If You Want the Most Flexibility With Your Retirement Savings, Here's the Right Account for You

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  • Roth IRAs offer the benefit of tax-free gains and withdrawals.
  • You can remove your principal contributions without penalty if you need to.
  • You also won't have to take required minimum distributions.

Saving here could really work to your benefit.

It's important to have money in savings for your retirement. Once you stop working, you can't assume you'll be able to get by on Social Security benefits alone. Right now, those benefits only pay the average recipient $1,827 a month. And while the average future benefit is apt to be higher due to inflation, it still likely won't cover all of your senior living costs in full.

Rather, you'll most likely need to supplement those benefits with another income source, like withdrawals from an IRA account. But if you're going to make an effort to save for retirement, then it's a good idea to choose an account that gives you the most flexibility. Here's why Roth IRAs fit that bill.

1. You'll enjoy tax-free gains and withdrawals

If you've ever sold stocks at a profit in a brokerage account, you may have been forced to pay taxes on your capital gains. With a Roth IRA, those taxes won't come into play. Neither will taxes on your withdrawals. Rather, withdrawals will be yours to enjoy free and clear of taxes. And that could really be helpful in retirement.

Many seniors find that money is tight once they stop working and are forced to live on a combination of Social Security income and savings. So not losing a chunk of your income to taxes could give you more financial breathing room.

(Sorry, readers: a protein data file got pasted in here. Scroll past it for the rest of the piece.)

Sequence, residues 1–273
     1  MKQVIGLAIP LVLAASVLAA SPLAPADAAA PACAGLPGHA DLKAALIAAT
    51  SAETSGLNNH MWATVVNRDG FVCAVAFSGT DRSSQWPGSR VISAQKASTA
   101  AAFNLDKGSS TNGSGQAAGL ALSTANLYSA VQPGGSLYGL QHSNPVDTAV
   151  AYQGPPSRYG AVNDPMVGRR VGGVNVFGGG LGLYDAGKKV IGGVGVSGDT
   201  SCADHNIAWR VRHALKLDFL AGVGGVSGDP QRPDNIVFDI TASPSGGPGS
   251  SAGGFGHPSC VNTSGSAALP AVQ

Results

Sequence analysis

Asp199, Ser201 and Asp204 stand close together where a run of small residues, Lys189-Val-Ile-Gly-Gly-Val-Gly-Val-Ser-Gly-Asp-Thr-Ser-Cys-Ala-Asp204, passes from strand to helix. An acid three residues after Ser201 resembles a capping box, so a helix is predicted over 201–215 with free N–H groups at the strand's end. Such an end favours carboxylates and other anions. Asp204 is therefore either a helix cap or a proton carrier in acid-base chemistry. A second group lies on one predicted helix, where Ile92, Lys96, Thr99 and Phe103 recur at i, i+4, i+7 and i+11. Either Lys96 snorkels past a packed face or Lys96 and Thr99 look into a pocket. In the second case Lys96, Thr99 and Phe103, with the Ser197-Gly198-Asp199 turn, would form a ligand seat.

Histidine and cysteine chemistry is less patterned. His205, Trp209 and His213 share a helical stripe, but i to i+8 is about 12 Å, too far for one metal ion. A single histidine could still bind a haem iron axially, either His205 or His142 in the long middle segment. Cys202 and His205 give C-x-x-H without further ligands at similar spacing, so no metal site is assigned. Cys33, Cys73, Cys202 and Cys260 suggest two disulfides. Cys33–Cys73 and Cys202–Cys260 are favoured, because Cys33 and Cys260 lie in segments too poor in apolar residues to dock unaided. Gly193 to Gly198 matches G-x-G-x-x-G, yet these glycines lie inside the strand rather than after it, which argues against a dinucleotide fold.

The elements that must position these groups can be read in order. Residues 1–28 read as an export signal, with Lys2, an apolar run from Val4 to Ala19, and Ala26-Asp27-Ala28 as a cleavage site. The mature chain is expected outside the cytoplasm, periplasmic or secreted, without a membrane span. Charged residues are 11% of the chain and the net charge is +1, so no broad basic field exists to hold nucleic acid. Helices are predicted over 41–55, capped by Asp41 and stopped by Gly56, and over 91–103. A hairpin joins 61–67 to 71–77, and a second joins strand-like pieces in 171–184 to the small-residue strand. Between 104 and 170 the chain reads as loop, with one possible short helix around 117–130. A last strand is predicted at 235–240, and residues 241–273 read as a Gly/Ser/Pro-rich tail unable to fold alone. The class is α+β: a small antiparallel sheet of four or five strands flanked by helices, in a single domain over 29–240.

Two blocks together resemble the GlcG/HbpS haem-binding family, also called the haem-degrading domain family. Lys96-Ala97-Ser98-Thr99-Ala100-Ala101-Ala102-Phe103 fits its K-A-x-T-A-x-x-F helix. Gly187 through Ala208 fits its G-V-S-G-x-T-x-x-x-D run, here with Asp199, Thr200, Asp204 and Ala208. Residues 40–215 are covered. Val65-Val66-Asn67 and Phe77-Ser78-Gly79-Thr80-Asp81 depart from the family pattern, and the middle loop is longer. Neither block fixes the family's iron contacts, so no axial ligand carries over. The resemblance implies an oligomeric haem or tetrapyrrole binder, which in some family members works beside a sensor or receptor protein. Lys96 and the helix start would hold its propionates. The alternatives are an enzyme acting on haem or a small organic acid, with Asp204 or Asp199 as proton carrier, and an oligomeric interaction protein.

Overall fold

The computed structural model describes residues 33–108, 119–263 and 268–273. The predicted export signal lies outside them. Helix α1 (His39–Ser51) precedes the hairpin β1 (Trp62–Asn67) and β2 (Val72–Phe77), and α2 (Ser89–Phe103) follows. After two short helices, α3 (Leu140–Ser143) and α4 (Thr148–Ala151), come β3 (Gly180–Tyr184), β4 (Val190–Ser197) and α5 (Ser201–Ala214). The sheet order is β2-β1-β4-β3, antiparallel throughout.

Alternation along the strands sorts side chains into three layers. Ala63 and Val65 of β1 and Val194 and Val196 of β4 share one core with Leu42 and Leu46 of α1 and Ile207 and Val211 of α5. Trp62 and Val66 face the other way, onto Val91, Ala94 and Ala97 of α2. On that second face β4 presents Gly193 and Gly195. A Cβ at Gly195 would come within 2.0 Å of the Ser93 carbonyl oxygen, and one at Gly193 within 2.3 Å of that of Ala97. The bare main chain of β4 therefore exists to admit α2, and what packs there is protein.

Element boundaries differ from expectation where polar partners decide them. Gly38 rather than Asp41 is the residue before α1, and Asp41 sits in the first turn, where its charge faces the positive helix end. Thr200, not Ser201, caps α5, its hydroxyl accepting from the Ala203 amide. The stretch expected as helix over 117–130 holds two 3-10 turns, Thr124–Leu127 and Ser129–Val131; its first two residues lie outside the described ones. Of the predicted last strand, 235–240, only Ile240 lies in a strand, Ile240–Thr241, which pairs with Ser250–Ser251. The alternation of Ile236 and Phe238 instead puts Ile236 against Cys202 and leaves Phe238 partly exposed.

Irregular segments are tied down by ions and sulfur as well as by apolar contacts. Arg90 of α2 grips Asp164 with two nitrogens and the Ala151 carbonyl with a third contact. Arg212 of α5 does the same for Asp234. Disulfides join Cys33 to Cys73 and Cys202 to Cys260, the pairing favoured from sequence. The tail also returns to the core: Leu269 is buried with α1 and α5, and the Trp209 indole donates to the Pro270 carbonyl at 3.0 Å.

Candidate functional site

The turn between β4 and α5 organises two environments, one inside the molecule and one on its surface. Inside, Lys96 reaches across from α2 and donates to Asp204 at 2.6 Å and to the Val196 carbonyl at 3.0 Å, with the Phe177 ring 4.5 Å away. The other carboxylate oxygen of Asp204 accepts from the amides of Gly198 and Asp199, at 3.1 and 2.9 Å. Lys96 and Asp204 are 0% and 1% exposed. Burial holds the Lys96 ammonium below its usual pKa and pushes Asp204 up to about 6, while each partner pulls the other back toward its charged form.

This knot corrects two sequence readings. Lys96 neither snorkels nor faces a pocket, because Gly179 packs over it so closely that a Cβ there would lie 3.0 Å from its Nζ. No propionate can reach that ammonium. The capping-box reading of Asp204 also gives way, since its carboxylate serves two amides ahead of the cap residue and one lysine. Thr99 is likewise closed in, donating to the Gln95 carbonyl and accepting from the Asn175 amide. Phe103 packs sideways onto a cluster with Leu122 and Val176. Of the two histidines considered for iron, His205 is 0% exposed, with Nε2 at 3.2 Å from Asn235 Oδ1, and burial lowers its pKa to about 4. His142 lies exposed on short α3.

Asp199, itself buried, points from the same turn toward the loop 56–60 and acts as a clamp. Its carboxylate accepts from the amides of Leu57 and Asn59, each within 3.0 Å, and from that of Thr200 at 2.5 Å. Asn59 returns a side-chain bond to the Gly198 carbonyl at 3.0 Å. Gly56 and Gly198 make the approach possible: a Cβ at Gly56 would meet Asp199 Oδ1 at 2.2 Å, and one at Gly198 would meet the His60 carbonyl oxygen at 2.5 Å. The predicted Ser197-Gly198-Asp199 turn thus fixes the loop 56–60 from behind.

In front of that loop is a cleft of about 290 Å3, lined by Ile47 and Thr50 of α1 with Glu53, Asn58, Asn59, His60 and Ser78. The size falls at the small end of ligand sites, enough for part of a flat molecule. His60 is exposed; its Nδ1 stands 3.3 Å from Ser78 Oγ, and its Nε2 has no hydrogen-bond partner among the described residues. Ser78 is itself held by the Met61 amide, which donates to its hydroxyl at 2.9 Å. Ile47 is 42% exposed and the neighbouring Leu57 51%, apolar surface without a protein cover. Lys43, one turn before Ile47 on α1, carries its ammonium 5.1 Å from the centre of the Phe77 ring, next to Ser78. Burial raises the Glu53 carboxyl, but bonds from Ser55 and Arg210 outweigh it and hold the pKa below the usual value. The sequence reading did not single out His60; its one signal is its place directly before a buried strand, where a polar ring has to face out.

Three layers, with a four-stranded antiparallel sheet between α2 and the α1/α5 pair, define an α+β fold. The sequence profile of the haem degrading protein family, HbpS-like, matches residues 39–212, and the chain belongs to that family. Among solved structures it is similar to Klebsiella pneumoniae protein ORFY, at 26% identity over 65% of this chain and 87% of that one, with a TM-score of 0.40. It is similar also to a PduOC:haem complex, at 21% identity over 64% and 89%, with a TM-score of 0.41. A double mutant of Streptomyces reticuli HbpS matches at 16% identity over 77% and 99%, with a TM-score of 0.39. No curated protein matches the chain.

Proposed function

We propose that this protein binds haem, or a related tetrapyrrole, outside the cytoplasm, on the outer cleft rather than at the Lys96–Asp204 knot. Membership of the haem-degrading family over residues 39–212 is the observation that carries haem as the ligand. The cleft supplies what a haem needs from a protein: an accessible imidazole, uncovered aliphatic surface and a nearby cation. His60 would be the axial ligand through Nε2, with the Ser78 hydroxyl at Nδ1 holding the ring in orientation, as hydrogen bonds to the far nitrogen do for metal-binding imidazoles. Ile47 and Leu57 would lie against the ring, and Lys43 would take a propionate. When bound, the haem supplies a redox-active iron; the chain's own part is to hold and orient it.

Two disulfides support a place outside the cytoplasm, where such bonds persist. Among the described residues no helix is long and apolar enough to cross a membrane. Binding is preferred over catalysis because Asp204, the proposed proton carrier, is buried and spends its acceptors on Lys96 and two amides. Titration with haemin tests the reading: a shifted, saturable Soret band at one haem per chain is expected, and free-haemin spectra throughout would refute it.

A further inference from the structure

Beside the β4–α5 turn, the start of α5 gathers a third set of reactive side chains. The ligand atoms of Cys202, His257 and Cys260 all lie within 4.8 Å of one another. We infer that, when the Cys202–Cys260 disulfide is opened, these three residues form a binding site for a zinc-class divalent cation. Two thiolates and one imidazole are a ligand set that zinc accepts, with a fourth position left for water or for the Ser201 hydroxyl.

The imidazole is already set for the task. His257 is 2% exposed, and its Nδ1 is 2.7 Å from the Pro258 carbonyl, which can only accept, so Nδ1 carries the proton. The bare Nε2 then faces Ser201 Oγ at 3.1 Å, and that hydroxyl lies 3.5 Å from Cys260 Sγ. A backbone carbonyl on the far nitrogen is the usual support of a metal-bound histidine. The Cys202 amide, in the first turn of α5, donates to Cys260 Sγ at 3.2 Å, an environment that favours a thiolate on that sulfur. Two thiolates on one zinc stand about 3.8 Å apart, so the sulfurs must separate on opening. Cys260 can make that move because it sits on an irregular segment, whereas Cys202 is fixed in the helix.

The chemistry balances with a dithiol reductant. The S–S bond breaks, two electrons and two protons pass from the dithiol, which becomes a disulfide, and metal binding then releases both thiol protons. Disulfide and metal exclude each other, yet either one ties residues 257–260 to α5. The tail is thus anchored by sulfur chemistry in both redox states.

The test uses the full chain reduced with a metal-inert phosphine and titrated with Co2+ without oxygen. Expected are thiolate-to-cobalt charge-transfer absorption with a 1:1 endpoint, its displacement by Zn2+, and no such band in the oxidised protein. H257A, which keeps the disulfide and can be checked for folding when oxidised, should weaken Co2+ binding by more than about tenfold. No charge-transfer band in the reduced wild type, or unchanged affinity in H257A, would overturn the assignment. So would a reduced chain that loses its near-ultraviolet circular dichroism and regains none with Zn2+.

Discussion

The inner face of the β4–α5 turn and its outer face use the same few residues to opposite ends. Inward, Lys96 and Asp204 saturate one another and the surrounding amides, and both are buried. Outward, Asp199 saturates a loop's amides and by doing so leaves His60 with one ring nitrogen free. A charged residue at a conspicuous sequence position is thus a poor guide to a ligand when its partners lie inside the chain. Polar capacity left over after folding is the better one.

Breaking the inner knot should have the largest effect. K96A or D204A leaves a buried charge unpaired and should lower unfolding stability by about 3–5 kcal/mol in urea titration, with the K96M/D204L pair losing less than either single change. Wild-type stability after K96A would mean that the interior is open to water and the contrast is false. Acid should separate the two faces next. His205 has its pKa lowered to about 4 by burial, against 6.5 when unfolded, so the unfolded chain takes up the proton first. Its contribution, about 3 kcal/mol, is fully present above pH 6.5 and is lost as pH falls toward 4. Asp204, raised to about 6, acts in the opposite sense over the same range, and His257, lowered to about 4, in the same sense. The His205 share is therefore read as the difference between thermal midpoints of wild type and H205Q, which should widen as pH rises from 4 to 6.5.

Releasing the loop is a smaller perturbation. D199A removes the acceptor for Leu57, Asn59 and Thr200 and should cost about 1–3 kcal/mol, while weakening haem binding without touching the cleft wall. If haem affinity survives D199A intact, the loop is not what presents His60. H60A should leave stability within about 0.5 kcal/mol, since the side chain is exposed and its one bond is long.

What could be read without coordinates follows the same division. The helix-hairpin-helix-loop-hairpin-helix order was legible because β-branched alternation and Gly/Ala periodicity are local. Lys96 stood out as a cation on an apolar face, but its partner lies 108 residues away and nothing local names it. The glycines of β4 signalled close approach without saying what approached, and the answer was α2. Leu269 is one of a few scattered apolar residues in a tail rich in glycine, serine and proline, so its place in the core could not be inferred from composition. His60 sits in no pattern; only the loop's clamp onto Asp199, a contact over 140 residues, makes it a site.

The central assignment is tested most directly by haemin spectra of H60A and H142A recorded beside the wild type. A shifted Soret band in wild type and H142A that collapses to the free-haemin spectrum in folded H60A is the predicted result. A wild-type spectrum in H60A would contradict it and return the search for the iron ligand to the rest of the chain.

2. You can remove your principal contributions without penalty

The purpose of saving in a Roth IRA is to set yourself up for a secure retirement. So it's generally best to leave your money in your account rather than take withdrawals ahead of retirement.

But sometimes, emergencies happen. You might need $5,000 for a home repair you can't put off, and you may not want to rack up debt in the course of paying that bill.

Roth IRAs won't penalize you for removing your principal contributions ahead of retirement, whereas traditional IRAs will. The reason? You don't get a tax break on your contributions in a Roth IRA, so there's no penalty for taking your money out.

But to be clear, this rule only applies to the principal portion of your Roth IRA. If you contribute $10,000 and it grows to $15,000, you can't touch the $5,000 gains portion or you will be penalized.

3. You won't face required minimum distributions

With a traditional IRA, you must start taking required minimum distributions (RMDs) in your 70s. This means you have to remove a portion of your savings each year or otherwise face penalties.

Up until recently, Roth IRAs were the only tax-advantaged savings plan to not impose RMDs. Thanks to a recent change, Roth 401(k)s also won't require them starting in 2024. But either way, if you don't want to be told what to do with your money, then a Roth IRA is a solid bet.

When it comes to finding a home for your retirement savings, you have plenty of options. But choosing a Roth IRA could benefit you in more ways than one.

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